Never ever drink and ride. Ever. Not only is drinking and riding against the law, it's among the most dangerous things you could do and do to others. Alcohol interferes with your ability to think clearly, negatively influencing your ability to pay attention and make safe riding choices. Your risk of causing your own crash escalates when you drink and ride.  And a drinker’s favorite way to crash is by running off the road, which has a higher casualty rate than any motorcycle-car crash except head-on because there are so many rigid fixed objects waiting to, uh, welcome you. Trees, fire hydrants, parked cars, the list goes on and on.



      Stop saying that! That's less true today. By the time you’re close enough for a car driver to hear you, he’s already in your path. In fact, you run the risk that the driver will be so alarmed he’ll stop dead in your path. On the other hand, loud exhausts sure work wonders for pissing off the people behind you and making ’em hate motorcyclists. If you’re serious about staying out of an accident, make yourself seen, not heard.



      It’s safer than trusting the guy behind you not to rear-end you. More riders on the freeway got nailed from behind while staying in their lane than riders who crashed while lane-splitting. But don’t go too much faster than the traffic flow and be really careful when coming up to a car with an open space in the lane next to it, especially if the lane with space is moving faster than the one with the car.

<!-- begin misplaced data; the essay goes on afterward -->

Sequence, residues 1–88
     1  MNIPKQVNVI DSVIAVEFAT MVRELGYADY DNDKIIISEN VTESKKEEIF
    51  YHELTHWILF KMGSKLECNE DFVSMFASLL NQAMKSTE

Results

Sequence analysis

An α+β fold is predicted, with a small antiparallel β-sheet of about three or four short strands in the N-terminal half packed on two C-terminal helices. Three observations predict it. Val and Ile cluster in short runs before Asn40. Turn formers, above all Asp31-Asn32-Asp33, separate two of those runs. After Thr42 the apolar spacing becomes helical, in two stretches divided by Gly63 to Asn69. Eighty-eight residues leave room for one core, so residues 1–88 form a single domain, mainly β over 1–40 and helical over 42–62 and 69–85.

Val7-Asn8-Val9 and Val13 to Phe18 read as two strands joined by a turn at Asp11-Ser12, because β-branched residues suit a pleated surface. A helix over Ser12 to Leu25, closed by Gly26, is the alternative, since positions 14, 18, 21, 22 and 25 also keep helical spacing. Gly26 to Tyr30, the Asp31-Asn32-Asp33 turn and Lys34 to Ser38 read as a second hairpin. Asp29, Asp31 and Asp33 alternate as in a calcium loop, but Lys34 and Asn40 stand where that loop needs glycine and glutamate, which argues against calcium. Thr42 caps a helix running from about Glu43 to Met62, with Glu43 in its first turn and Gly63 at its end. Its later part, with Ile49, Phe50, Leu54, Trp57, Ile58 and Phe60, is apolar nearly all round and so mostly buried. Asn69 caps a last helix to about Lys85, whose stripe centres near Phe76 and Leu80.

5. DON'T LAY IT DOWN.

      You lose only about 8–10 mph every second you spend sliding on the ground while giving away your perfectly good skin. If you do a good job using both brakes, you can lose 15–20 mph every second you brake and save on band-aids, too. About the only time to put yourself down on the pavement is if you’re on an elevated curve (like a freeway interchange) and you’re about to hit the outside wall. The wall is usually high enough to save your motorcycle, but let you go flying off into the wild blue yonder. Well, it might also save you but this accident avoidance technique doesn’t come without costs. You’ll find that most bikes, even Harleys', are made to operate with their wheels, not their bodies and frames, in contact with the road. Before laying ‘er down, run a quick calculation of the costs in doing so. Components like exhaust pipes, headlights, fuel tanks, sweet tasselled-leather saddlebags, frames and chrome engine cover cost money. How much laying ‘er down costs is up to your affordability.